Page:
5. #5

    Default Re: Photography and colour blindness

    No worries TS, I am too within the 8%.

  6. #6
    Senior Member zac08's Avatar
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    Default Re: Photography and colour blindness

    Quote Originally Posted by bigsmall2000 View Post
    I recently went for a medical check up and I found out that I might have red-green colour deficiency from the colour test, meaning I can't distinguish certain hues of red and green when they're close to each other. It's quite a blow to me especially since I'm into photography, the news is even more difficult to absorb.

    I'm wondering if this is a common deficiency because supposedly 8% of males have it. I started to think of the possibility that what I see in my photos aren't exactly the same as what other people sees and it feels a little discomforting. Anyone out there with similar deficiency and how has it affected your photography?
    This won't be too much of an issue. Unless you're gonna tweak the colours a bit during post processing. The camera amd computer is able to help you with most of the colour reproduction steps.

    IR or some other forms of photography where you may need to tone certain tones, etc may be an issue.
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  7. #7

    Default Re: Photography and colour blindness

    http://www.flickr.com/photos/cfriel/

    he's color blind.

    he shoots better than many people who are not.

    any limitations are in your mind.

    you can choose to say "yes, this is not a deficiency, and i can live with it and do as well as anyone else.", or "no, i can't do it, it cripples me. everything that i can't do or have shortcomings in is attributed to this." life is about choices, after all.
    Last edited by night86mare; 15th July 2010 at 08:13 AM.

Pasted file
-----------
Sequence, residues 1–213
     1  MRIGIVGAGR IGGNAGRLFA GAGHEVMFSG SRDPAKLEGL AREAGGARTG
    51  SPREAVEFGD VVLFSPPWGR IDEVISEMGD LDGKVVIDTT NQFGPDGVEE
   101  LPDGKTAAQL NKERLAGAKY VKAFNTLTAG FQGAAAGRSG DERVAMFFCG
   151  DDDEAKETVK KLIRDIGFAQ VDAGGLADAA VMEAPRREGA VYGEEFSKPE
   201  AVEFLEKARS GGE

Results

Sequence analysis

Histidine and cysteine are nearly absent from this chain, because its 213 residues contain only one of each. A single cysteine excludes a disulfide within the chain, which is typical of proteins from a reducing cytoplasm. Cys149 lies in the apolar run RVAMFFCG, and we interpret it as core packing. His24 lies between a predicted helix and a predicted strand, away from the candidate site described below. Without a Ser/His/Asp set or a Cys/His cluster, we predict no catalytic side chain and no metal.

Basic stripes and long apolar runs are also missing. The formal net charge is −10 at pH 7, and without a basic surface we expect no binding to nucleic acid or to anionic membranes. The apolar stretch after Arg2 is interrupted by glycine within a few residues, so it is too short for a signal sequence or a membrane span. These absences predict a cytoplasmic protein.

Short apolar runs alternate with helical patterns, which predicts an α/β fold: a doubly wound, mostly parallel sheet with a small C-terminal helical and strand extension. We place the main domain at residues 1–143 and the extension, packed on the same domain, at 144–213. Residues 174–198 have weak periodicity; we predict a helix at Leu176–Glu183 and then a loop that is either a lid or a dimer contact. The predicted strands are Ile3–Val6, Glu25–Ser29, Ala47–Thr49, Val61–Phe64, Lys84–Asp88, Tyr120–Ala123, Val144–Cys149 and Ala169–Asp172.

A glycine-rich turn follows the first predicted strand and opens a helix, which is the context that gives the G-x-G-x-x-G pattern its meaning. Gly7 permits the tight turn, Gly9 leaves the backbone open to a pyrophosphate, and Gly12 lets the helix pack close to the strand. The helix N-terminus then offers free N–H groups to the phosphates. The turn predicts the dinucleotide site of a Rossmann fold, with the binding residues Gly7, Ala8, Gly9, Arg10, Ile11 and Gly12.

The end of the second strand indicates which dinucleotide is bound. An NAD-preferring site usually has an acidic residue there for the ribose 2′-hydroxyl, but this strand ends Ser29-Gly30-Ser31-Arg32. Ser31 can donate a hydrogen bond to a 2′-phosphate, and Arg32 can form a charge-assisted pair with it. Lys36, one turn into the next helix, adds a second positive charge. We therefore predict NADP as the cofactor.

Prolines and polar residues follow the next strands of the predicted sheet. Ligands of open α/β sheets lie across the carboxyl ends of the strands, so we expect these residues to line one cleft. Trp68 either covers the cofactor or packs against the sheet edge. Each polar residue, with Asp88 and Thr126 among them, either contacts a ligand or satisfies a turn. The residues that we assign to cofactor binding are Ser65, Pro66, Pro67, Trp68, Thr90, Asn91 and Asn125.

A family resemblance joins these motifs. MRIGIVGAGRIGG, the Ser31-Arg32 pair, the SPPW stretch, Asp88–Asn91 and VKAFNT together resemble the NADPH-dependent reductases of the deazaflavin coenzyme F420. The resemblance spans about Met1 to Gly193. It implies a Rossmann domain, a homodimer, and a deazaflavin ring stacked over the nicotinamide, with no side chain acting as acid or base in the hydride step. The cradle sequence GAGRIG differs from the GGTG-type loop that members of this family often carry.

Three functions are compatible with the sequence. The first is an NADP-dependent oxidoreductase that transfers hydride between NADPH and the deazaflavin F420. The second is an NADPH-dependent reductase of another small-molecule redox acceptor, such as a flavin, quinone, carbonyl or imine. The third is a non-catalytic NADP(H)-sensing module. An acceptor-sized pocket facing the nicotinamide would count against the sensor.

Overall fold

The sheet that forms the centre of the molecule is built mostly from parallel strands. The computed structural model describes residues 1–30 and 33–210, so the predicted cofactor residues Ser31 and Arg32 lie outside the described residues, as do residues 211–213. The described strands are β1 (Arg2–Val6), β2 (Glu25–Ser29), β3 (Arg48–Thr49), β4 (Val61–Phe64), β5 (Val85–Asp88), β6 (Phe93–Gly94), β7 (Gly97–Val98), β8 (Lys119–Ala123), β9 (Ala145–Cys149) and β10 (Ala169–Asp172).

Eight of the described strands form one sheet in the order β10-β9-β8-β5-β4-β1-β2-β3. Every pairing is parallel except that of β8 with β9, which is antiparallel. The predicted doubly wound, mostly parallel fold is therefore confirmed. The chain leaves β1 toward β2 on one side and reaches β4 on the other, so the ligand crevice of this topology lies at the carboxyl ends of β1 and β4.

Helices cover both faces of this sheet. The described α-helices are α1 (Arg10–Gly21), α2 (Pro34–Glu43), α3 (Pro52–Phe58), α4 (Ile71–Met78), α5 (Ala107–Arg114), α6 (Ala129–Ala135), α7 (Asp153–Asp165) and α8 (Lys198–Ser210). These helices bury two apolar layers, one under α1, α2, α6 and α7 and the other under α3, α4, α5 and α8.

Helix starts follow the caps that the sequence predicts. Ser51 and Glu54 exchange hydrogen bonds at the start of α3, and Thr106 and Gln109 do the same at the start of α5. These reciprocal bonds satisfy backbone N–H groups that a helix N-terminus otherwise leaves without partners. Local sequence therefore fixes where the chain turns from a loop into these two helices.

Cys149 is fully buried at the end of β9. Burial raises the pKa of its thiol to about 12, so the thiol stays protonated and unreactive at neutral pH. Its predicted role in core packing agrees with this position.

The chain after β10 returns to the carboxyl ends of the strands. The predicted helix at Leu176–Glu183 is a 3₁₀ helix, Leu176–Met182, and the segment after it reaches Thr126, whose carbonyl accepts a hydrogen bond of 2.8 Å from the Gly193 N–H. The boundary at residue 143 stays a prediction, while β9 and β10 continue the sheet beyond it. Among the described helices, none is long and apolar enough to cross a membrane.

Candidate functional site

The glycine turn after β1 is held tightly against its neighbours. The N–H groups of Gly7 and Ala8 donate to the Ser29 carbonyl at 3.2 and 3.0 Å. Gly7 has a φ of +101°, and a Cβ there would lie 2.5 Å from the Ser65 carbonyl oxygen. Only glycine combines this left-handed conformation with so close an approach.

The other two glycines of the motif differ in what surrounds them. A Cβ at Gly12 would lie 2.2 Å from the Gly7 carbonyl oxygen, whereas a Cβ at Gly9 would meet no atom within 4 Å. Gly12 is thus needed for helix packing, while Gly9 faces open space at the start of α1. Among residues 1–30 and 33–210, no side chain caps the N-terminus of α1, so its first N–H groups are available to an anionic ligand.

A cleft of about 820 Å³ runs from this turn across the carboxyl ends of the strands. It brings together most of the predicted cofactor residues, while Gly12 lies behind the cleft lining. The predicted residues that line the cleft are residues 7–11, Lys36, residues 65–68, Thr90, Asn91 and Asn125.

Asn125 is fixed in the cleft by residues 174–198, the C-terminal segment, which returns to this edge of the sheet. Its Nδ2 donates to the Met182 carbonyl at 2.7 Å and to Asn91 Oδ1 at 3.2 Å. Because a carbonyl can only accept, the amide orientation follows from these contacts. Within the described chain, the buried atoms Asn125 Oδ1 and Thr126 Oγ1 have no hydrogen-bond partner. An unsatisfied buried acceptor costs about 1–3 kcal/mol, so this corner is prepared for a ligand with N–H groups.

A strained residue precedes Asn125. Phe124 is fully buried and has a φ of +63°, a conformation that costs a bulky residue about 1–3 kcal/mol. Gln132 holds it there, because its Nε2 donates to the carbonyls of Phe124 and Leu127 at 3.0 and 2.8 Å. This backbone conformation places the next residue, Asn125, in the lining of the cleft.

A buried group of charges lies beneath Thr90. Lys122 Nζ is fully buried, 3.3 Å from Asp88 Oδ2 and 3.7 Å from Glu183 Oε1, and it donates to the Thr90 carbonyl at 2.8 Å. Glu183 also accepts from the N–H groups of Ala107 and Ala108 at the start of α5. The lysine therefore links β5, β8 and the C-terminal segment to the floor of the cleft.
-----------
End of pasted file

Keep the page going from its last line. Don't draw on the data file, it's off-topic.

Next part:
8. #8

    Default Re: Photography and colour blindness

    Quote Originally Posted by bigsmall2000 View Post
    I recently went for a medical check up and I found out that I might have red-green colour deficiency from the colour test, meaning I can't distinguish certain hues of red and green when they're close to each other. It's quite a blow to me especially since I'm into photography, the news is even more difficult to absorb.

    I'm wondering if this is a common deficiency because supposedly 8% of males have it. I started to think of the possibility that what I see in my photos aren't exactly the same as what other people sees and it feels a little discomforting. Anyone out there with similar deficiency and how has it affected your photography?
    TS, I'm sorry to hear of your bad news.

    The positive side is, there are probably technical ways to help you ensure hues and tones are what you would like others to see (how is one supposed to know that others can actually see colors knowledgeably and accurately in the first place? Most people's color perception, even with perfect sight, is limited by knowledge, experience and perception, besides various environmental and medical factors), and such a deficiency is usually something one would not even notice, unless informed about.

    I know it doesn't help to have examples of others who are in far more disadvantaged positions offered when you're probably feeling quite low right now, but other peoples' truths can often help put a perspective on things.